The aim of the ESC EURObservational Research Programme (EORP) European Endocarditis (EURO-ENDO) international registry was to study the treatment and outcomes of 3,111 patients prospectively identified with infective endocarditis (IE) between 2016 and 2018.1 This registry has already been the source of several valuable publications, and today, an oral presentation by Doctor Joost van Melle (University Medical Center Groningen, Netherlands) describes the findings of an analysis of patients with adult congenital heart disease (ACHD) included in the ESC-EORP EURO-ENDO registry.
The pre-specified ancillary analysis compared 365 patients with ACHD and 2,746 patients without ACHD in terms of baseline characteristics and 1-year outcomes. Compared with non-ACHD patients, those with ACHD were younger (mean age 44.8 years) and had fewer comorbidities. In the 6 months before hospitalisation, more patients with ACHD had had a dental procedure compared with non-ACHD patients (14% vs. 7%; p<0.001) and more often had positive blood cultures for Streptococcus viridans (16.4% vs. 8.8%; p<0.001).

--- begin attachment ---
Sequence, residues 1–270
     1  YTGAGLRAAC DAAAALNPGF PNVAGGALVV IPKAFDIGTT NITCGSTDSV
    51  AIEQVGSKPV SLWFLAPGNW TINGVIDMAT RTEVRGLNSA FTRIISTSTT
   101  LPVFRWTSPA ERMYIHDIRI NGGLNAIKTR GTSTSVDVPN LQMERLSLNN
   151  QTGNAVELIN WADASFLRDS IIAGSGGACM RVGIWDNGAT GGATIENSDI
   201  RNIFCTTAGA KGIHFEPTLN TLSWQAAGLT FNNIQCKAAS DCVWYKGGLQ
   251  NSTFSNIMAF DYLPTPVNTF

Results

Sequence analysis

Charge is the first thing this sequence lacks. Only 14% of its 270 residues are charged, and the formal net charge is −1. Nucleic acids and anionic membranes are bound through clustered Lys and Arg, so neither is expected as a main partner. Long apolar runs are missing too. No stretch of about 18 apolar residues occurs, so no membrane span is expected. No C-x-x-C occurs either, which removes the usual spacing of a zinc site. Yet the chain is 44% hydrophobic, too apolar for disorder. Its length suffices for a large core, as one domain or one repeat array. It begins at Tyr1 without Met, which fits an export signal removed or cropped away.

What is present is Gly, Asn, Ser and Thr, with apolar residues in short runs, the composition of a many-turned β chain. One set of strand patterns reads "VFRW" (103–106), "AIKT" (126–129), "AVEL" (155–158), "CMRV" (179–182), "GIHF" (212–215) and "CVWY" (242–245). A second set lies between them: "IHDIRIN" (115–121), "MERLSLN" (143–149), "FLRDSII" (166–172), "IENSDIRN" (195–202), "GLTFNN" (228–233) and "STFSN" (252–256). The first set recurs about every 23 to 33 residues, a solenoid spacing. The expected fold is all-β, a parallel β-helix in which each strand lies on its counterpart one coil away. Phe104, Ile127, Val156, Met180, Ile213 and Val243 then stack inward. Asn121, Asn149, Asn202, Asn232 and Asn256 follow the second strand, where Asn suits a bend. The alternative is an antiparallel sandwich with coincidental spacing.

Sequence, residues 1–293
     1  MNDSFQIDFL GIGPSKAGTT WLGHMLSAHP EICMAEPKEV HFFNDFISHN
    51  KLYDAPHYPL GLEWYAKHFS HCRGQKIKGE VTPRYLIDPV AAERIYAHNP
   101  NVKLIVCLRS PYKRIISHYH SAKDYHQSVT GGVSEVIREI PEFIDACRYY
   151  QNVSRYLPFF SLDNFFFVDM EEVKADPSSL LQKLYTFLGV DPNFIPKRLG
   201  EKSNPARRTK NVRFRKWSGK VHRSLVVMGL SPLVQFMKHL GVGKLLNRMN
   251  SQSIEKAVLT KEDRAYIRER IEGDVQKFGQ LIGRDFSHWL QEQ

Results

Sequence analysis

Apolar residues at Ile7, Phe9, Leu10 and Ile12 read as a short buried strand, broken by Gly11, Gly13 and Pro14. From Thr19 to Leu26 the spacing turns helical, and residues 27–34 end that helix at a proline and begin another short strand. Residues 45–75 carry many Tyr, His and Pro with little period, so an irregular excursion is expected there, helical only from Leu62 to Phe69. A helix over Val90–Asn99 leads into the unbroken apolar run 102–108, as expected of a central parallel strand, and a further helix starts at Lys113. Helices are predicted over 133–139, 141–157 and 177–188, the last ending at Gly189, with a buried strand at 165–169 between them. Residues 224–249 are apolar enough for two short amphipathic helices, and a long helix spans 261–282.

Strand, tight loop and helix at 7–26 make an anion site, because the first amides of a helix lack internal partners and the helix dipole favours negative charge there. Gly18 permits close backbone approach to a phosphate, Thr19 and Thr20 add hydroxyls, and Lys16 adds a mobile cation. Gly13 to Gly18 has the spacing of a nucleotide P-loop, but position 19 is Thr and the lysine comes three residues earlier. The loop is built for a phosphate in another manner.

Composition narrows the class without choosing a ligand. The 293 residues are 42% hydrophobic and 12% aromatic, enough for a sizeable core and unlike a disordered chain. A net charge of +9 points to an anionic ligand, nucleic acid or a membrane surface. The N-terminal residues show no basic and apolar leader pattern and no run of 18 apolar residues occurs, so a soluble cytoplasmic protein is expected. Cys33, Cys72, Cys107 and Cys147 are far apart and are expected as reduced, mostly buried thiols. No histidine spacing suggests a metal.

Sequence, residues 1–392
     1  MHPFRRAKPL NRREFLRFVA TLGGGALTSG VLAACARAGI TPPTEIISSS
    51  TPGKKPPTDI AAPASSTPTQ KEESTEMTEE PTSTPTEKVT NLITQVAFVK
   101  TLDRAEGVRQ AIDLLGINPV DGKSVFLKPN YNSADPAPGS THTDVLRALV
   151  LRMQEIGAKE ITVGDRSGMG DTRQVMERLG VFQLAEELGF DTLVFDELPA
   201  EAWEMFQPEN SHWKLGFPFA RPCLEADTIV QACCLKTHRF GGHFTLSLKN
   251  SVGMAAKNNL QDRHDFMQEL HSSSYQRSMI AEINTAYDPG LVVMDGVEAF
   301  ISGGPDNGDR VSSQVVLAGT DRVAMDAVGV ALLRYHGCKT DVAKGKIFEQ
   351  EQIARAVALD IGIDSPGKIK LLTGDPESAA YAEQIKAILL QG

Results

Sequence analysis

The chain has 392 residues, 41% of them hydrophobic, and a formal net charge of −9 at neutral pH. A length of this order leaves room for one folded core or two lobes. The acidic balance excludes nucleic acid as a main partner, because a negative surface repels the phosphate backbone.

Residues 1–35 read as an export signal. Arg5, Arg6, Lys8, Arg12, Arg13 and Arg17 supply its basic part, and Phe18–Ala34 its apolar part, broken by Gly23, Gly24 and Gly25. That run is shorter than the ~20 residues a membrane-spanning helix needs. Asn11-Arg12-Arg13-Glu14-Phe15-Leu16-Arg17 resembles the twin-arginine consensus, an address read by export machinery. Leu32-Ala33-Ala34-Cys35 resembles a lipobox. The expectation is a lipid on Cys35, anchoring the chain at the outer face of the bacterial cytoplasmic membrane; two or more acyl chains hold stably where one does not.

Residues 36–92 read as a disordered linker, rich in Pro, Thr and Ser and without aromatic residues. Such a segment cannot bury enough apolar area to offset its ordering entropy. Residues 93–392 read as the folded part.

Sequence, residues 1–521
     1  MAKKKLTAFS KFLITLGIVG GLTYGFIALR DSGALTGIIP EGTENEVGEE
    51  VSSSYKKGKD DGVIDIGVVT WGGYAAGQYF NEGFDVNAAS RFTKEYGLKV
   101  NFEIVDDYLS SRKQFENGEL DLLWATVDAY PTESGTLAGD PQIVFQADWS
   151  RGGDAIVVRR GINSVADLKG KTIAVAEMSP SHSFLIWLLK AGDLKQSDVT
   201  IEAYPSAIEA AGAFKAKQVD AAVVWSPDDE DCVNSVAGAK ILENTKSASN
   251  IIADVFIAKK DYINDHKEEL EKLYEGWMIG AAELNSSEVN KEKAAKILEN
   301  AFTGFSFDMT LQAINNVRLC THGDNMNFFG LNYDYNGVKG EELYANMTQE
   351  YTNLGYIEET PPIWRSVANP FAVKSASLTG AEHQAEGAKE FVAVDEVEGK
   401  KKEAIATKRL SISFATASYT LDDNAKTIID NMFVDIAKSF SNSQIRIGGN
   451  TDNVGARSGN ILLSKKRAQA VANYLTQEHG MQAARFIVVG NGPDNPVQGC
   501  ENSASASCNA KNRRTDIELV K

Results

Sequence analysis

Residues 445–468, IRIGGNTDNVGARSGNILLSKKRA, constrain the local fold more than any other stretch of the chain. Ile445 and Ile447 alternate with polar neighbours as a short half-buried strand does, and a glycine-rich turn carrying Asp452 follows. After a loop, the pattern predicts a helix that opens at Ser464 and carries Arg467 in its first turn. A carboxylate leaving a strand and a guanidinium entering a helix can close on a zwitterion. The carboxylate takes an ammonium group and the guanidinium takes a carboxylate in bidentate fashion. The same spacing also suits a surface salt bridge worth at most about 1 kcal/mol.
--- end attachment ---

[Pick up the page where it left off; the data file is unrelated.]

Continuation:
Patients with ACHD had lower in-hospital mortality than those without ACHD (9.0% vs. 18.1%; p<0.001) and 1-year mortality was more favourable (adjusted hazard ratio [HR] 0.70; 95% confidence interval 0.51 to 0.95). Within the ACHD population, multivariate Cox regression revealed that fistula (HR 6.97), failure to undertake surgery when indicated (HR 5.93), cerebral embolus (HR 4.64), renal insufficiency (HR 3.44) and Staphylococcus aureus (HR 2.06) were predictors of mortality.
To conclude, although ACHD patients with IE had better outcomes than non-ACHD patients, the observed high incidence of dental procedures prior to IE warrants further interest in antibiotic prophylaxis for patients with ACHD.
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